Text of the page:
Christ came not only to save the Bronx, but also Levittown.

Friday, December 21, 2007

Faith on the Ground

Given the current climate of Anglican crisis (with the latest ramp-up being this accursed Common Cause thing, bidding fair to leave me with no place to go to church) my friend Serge comes through with a timely observation:
Religion on the ground level is often a question of choosing the conscience problems you can live with over the ones you can't.

This came up in the context of a post linking to this discussion of reasons why some people don't become Orthodox. I've gotten that question from some Orthodox, as I continue to engage them in discussion. I mostly haven't gotten that question from Catholics, as they tend to operate from the viewpoint that any reasonable and faithful person would convert on the basis of the arguments they present. They tend to not be really interested in my faith, except to knock it down enough to get me to convert. To be fair there are a lot of Orthodox who take the same tack; they just are not so ubiquitous.

Those who have stuck with me and followed what I've written here over time may have noticed that I'm a bit suspicious of theology. It's not that I think it is worthless, but I think it's exceedingly easy to rationalize. Theology in the large hasn't proven to be a science in which light can be shone with assurance into every corner of every question; if it were, there would be a lot less division. And around Anglicanism, at the moment, there is a lot of division. If there is a single right response to the ECUSA crisis (for a layman), we are presented instead with the unedifying spectacle of people bolting in all directions, or staying put for not especially consistent reasons. A visit to the comments of almost any post on TitusOneNine will show all sorts of "why aren't you gone yet?" slams against the church; but the departing cannot agree on a destination.

And when it comes down to it, all of these destinations have faults, especially when the limitations of geography are admitted. The continuing churches can be roundly chastised for their fissipariousness and the tenuous legitimacy of their episcopacies. ECUSA-- well, yeah; though at least in my diocese (Maryland) for the moment more or less orthodox parishes are being allowed to remain more or less orthodox. A trip to one of the local RC parishes (eliminating the non-English-speaking ones) is impeded by some of my theological objections, but more thoroughly by the ghastly state of the liturgy. Orthodoxy presents the same issues in different forms.

The real problem for me is not I've been increasingly faced with problems in my faith, but rather, that increasingly I'm having trouble finding a place to practice it. In the end, though, I have to have a place to go to church. Surely some will come along and trivialize this problem, saying, "Well, you're putting yourself above Mother Church. You must put aside your distaste/qualms and go any way to [brand name here]." Never mind that I must exercise judgement to decide among the competing claims. Never mind that the speaker may well be a priest who can mold his parish to his tastes. Never mind that I'm being sold a fantasy church. The basic problem, here in this house, in a church that I can actually drive to and worship in, is that I don't see a place where I can be an Anglican refugee-- for that is what I would be, were I to go elsewhere. After thirty years, I am Anglican through and through, from my rising to my going to bed-- and my going to church. I can only attend these other churches as aliens, and at the moment, being a theological alien in ECUSA beats being a theological AND liturgical alien elsewhere.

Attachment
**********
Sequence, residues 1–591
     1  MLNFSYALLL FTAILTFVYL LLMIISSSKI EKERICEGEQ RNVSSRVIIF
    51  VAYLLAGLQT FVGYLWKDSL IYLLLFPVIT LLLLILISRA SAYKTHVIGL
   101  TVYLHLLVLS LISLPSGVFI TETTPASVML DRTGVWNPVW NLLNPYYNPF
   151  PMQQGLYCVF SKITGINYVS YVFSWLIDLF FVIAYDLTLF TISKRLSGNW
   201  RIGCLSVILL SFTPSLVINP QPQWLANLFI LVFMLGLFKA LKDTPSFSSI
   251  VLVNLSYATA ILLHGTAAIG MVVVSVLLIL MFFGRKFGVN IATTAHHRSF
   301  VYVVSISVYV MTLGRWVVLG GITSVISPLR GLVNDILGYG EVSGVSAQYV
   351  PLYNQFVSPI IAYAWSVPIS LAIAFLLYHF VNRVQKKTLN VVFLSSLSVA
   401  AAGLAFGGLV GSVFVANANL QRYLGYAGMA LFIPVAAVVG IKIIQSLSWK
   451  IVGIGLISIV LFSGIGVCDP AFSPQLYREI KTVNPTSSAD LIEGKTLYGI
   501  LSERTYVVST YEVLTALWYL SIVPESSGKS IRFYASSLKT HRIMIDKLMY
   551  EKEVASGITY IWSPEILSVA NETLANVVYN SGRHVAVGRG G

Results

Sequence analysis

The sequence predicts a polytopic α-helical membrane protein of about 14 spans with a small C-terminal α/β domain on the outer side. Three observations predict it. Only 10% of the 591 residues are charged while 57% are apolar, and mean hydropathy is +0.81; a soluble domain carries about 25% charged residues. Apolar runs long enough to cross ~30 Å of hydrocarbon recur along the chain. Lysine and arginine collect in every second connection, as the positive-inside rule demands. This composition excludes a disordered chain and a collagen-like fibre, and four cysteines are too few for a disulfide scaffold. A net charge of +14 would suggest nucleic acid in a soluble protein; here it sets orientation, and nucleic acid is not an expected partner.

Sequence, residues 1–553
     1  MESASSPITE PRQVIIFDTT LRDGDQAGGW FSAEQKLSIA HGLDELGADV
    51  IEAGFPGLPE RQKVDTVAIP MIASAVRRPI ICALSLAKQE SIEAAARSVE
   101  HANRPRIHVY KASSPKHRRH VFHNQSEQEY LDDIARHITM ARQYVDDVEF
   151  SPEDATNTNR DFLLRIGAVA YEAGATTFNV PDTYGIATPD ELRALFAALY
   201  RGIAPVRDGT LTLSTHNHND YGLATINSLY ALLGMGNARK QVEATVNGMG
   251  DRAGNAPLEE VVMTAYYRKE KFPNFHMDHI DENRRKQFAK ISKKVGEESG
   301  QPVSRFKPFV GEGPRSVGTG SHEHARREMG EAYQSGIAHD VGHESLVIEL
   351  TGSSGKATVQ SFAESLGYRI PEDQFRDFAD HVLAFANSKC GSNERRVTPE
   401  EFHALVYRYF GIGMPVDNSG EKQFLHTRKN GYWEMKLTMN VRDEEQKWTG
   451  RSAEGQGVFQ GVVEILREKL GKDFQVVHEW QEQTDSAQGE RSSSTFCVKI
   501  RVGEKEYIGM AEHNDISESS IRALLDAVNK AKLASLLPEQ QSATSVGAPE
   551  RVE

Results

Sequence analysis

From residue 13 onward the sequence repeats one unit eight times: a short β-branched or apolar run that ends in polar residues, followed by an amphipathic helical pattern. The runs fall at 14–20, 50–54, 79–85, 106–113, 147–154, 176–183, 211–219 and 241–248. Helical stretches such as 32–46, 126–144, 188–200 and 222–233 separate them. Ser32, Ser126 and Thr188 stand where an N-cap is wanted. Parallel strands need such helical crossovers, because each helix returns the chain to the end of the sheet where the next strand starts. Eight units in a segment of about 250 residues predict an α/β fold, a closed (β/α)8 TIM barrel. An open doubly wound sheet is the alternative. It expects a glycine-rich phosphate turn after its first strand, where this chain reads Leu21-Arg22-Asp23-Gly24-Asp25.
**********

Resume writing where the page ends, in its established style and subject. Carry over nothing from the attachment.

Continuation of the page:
Also, I am not buying the argument that the crappiness of the church experience is irrelevant. The "magic communion theory" of "you must be in communion with Patriarch X" (where X is in {Rome, Constantinople, Buena Vista}) fails on me anyway, because after thirty years of not having such a connection I'm not amenable to the thesis that absolutely nothing has been happening. But beyond that, it seems to escape most internet arguers that most people aren't theological. Indeed, fundamentally I'm not really theological either. If most people's experience of Christianity as religion is church, then it bloody well does matter how well it is done; indeed, it is important above almost everything else how well it is done. And by that I don't mean that it has high production values, though in my experience where those are belittled, church is done badly. I remember a dozen Friday eucharists at the UMCP West Chapel, an afterthought on the back of the main chapel meanly fitted out for the paltry remnants of protestant chaplaincies (and the Jews twice a year, which accounted for the rather ugly curtained thing behind the communion table). Wofford Smith and I would assemble and wait for the third person to show up so that he could serve a simple said Rite II service, with him standing on one side of the table and the two of us standing on the other. Production values were next to nonexistent, and yet I would place those among the most gracious services I have been privileged to be a part of. No, the problem in most places I've been that have been bad is that they are bad on purpose. It is a sin I can't live with, so I won't go there.